[Lightweight] Orion from USA

How many years have you been competing in in RCJ Soccer?

Four and more years

What’s the most interesting thing you’ve prepared for this year’s RoboCupJunior Soccer competition?

Structural Robot Design.

Where can we find your poster?

It should be available at https://drive.google.com/drive/folders/1A-Z0woNigZnN1hk9W7q6_YPyjzgaGT4j?usp=sharing

If you’d like to know more, please feel free to ask @bluskript by replying to this thread !

Thank you for starting more teams, it’s always nice to get more people involved into something you enjoy.

I’d like to know a little bit more about what you do with the camera images. You mentioned tracking the goal, do you do that to get the angle right to go towards the goal or do you also calculate the robots position (or maybe the position of the “obstacles” in your way) using the camera?

Best Regards,

Thanks for sharing with us your progress Team! Nice work!

My only question is about how do you integrate cameras in the way the robot senses the environment. Do you use both IR and vision sensors for detecting the ball and obstacles, or only IR for ball and vision for goal positioning?

Ok, thanks for your questions! I believe I can answer them both. We use our IR sensors to find the ball, and our camera exclusively for goals. Since the lightweight ball is difficult to track (its colors are irregular and not as bright as the orange Open ball), we didn’t see the need to use camera for it. With regards to the utility of our vision system, we have achieved goal tracking for aiming. We have found that with the precision so far, it is not possible to accurately calculate absolute position on the field yet. We are currently working on implementing new algorithms to enhance the precision of goal tracking, which should enable accurate positioning. Additionally, we saw the potential for enemy tracking eventually, for our mechanical specialist’s obsession with “juking,” or the dodging of enemy robots. If we can avoid the opposing team at the last second, it becomes much more difficult to them to block us and eliminates the classic “sumo problem,” in which it is merely the team with stronger motors that can push the others away and score. This solution is also not very elegant. Thus, our attempt to circumvent the use of force with increased software.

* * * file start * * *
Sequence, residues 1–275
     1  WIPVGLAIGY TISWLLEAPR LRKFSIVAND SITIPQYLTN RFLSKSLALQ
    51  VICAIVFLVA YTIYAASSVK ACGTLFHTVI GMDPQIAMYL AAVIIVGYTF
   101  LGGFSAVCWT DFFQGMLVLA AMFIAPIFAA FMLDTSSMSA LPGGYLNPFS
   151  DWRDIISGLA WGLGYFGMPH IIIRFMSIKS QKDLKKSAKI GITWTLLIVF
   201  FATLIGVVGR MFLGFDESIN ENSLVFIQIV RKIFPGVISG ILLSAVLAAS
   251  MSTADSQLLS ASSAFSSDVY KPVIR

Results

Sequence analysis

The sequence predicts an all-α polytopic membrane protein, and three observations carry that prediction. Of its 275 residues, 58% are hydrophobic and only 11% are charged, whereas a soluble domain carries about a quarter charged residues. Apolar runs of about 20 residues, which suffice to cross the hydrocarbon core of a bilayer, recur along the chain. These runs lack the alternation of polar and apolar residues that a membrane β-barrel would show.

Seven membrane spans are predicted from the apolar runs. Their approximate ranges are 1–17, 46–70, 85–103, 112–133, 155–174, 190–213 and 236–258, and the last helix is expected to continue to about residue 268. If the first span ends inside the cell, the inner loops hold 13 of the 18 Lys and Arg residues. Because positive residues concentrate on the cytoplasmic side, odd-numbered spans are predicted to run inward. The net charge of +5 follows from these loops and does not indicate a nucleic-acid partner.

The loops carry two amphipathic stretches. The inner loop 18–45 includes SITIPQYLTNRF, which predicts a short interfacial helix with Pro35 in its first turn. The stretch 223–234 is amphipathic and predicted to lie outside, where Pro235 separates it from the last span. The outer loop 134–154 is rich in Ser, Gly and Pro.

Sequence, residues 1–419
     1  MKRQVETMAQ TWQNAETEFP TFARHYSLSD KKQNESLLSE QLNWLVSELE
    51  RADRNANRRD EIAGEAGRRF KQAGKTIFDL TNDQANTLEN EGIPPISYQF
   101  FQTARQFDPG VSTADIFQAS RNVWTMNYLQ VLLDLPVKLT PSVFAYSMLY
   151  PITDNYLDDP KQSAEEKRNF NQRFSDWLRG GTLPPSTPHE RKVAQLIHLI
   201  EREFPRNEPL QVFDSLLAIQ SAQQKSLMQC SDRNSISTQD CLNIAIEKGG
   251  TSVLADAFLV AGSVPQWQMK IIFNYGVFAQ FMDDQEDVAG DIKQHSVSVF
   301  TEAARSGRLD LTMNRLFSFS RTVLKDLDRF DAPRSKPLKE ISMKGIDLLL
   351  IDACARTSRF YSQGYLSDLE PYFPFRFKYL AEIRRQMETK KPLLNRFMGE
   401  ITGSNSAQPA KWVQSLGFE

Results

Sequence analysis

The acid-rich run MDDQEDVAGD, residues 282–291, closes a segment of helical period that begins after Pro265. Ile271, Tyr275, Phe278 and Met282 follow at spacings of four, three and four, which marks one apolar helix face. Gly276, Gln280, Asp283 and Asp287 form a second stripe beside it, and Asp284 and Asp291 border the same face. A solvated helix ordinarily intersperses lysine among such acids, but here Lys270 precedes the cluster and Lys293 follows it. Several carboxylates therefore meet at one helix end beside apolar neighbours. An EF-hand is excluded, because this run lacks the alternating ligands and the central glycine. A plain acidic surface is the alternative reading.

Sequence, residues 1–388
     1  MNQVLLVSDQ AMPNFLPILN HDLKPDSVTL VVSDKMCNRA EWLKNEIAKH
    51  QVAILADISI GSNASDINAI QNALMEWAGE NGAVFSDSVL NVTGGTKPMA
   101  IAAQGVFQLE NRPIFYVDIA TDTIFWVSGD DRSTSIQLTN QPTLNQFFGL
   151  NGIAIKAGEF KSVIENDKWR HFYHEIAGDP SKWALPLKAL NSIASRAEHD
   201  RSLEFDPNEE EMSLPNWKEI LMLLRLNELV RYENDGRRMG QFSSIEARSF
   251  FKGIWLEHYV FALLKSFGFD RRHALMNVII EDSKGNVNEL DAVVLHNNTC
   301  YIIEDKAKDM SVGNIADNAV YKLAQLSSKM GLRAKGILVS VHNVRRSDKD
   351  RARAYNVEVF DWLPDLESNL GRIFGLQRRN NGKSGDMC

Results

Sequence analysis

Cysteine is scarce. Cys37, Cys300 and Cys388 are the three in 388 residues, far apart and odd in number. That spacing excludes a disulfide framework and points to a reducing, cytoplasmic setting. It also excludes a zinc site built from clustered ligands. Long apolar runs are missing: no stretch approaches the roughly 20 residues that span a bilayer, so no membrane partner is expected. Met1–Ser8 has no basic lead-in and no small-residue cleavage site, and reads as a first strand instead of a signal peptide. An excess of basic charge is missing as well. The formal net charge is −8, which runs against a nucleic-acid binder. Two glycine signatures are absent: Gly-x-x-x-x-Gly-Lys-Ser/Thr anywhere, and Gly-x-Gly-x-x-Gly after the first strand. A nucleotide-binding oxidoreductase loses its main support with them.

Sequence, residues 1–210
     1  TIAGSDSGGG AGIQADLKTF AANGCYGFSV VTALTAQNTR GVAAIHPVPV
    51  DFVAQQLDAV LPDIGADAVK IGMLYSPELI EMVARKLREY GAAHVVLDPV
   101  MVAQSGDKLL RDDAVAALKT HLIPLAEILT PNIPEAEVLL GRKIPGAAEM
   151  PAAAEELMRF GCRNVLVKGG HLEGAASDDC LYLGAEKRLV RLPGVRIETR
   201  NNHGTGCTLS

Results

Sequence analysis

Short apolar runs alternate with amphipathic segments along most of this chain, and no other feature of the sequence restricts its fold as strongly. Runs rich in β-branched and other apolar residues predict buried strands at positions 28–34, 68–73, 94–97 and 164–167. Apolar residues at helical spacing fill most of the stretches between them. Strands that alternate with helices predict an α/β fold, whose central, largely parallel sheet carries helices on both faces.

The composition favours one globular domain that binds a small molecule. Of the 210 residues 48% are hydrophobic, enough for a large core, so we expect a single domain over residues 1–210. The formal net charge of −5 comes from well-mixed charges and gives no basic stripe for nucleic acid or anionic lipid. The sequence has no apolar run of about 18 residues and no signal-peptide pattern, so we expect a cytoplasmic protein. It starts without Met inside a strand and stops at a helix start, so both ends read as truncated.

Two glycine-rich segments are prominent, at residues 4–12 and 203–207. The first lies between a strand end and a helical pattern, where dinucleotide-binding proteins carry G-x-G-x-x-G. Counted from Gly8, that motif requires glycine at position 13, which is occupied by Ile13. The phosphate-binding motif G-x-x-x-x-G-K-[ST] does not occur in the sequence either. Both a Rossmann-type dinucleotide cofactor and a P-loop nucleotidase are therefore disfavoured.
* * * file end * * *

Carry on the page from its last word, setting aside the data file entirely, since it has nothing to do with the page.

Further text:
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Nice work!

Why do you use a low pass filter to convert the output of the digital IR sensors into analog values?

You mention that some programs freeze when reading data from sensors. Which programs? In which conditions? What is the sampling frequency?

This account is a team account so multiple people may be using this account to reply.
My name is Mark. I am in charge of the electrical aspects of the teams robot.
The reason we use a low pass filter to convert the output of the digital IR sensors into analog values is because we want to interface with the sensors by reading an analog value. If we were to use the digital signals, we would have to time the pulses to determine distance and this would consume more time while running, more resources, and is conceptually more difficult to implement than a simple analog Read.
By implementing a low pass filter, the sensor outputs are made into a more convenient form for our micro controller through hardware outside our micro controller which is always a good thing for speed and organization.
I will message the person in charge of software so he answers your other question.

Thanks for your answer, Mark.